Video op-eds may be an idea whose time has come.
Op-eds are a tried-and-true way to convey an unfiltered message in news columns. However, with shrinking editorial pages and newspaper readership, the op-ed has diminished in value. Getting an op-ed published is still valuable, but mostly as a source of solid content to share on social media.
If social media is the ultimate target for an op-ed, then social media rules should apply. The number one social media rule to obey is video gains more eyeball contact than text.
For traditionalists, this trend may appear as an aggravation. It’s actually an opportunity.
Op-eds published in newspapers or other print outlets are one dimensional. There is a catchy headline and 500 words to make your point. In a video op-ed, there are many more flexible options.
In its simplest form, a video op-ed can consist of the op-ed writer voicing what he or she wrote. This allows a viewer to see the person speaking and observe their expressions and body language. It permits a speaker to establish a “face-to-face” rapport with an audience and inject appropriate emotion into his or her content.
A video op-ed can capture two or three people discussing a topic, offering a mix of perspectives or even contrary points of view. A carefully edited give-and-take can be very informative, quick-paced – and highly shareable.
Adding presentational elements to a video op-ed can be entertaining as well as informational. Robert Reich, the former Cabinet officer-turned political commentator, uses sharpies to make drawings that punctuate his commentaries.
Specifically designed for social media, Reich talks over sped-up imagery of him creating his engaging illustrations. The sketches reinforce his words, making it more likely viewers will get – and retain – his point.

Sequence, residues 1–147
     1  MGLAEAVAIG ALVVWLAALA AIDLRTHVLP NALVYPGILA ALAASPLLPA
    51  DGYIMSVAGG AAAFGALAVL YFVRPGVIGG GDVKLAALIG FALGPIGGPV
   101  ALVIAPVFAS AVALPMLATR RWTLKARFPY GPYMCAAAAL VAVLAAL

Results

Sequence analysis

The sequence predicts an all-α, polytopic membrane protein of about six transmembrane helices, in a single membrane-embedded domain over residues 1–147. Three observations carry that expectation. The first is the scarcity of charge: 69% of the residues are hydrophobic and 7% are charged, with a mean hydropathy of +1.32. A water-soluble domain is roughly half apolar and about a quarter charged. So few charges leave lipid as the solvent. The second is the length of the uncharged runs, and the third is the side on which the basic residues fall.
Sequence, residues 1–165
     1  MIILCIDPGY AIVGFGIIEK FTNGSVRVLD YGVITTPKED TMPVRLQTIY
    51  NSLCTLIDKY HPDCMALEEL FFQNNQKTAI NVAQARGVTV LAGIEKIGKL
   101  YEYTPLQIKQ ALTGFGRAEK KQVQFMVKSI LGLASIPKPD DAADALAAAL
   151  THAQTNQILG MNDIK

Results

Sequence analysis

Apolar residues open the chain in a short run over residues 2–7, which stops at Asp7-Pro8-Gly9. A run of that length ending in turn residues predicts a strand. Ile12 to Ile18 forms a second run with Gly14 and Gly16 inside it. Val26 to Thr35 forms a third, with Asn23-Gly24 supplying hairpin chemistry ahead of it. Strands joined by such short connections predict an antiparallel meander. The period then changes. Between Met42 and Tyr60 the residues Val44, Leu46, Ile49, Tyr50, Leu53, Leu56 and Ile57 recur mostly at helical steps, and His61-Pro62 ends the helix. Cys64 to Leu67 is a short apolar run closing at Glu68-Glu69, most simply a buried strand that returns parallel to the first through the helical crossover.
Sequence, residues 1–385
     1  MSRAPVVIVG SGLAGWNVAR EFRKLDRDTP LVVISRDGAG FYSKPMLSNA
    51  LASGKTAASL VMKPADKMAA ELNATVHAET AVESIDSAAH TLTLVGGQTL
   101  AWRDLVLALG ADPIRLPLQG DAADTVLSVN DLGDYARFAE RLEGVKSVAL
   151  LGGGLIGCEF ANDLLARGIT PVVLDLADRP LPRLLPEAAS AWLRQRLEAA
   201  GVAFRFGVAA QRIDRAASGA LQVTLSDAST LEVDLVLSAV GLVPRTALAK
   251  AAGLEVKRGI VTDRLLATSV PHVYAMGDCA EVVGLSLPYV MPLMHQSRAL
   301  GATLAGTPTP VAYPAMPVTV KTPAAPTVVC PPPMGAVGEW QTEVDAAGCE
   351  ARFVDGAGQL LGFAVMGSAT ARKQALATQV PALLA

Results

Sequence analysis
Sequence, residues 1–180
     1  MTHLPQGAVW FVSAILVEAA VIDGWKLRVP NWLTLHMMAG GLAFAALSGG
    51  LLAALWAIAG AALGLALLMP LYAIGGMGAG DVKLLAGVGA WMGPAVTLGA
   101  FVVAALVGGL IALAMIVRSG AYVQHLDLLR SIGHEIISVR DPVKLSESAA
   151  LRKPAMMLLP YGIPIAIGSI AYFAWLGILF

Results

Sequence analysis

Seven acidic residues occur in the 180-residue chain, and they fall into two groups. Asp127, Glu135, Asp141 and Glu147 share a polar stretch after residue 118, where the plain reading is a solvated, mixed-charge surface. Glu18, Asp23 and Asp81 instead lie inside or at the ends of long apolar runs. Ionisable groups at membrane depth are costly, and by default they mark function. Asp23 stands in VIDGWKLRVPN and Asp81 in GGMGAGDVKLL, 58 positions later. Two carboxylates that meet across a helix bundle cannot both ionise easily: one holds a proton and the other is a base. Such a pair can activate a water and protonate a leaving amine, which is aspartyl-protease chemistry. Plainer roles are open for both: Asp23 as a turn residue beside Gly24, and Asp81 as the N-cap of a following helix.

The Washington Post employs video op-eds in a wide range of forms to discuss topics such as “Grand Juries 101,” why gerrymandering could be okay if done better, a Thanksgiving message from Teddy Roosevelt and a remembrance of columnist Charles Krauthammer. The WaPo op-eds take advantage of film clips, illustrations, charts and anything visual to grab eyeballs and stimulate thought. The video op-eds live on the publication’s online newsroom, providing evergreen content that can continuously draw clicks.
The New York Times has created an online channel for wide-ranging video op-ed contributions. Samples include Robert Redford expressing opposition to the Keystone Pipeline, Bill Gates discussing a clean energy “moonshot” and a video essay contrasting Siri with a human assistant. The video op-eds can be as short as 90 seconds up to more than six minutes in the Gates’ contribution.
In-house video production is no longer a pipe dream. Credible high-definition video can be shot with a smartphone. Video op-eds don’t represent any greater technical challenge than explanatory or training videos.
Previous Rules of Engagement blogs have offered tips on how to conceive and execute quality video content. Like any other type of video, video op-eds require producers to zero in on the point they want to make, then think expansively about how to show it. Drop all inhibitions and let your imagination go to work. Seek professional help, if needed, to carry out your dream plan.
Public affairs can be a stodgy, change-resistant wing of public relations. If you want to reach target audiences and be relevant, contemporary tactics are essential, including video op-eds. Experiment to get your creative sea legs, but don’t hesitate to take the plunge.
Gary Conkling is principal and co-founder of CFM Strategic Communications, and he leads the firm's PR practice, specializing in crisis communications. He is a former journalist, who later worked on Capitol Hill and represented a major Oregon company. But most importantly, he’s a die-hard Ducks fan. You can reach Gary at email@example.com and you can follow him on Twitter at @GaryConkling.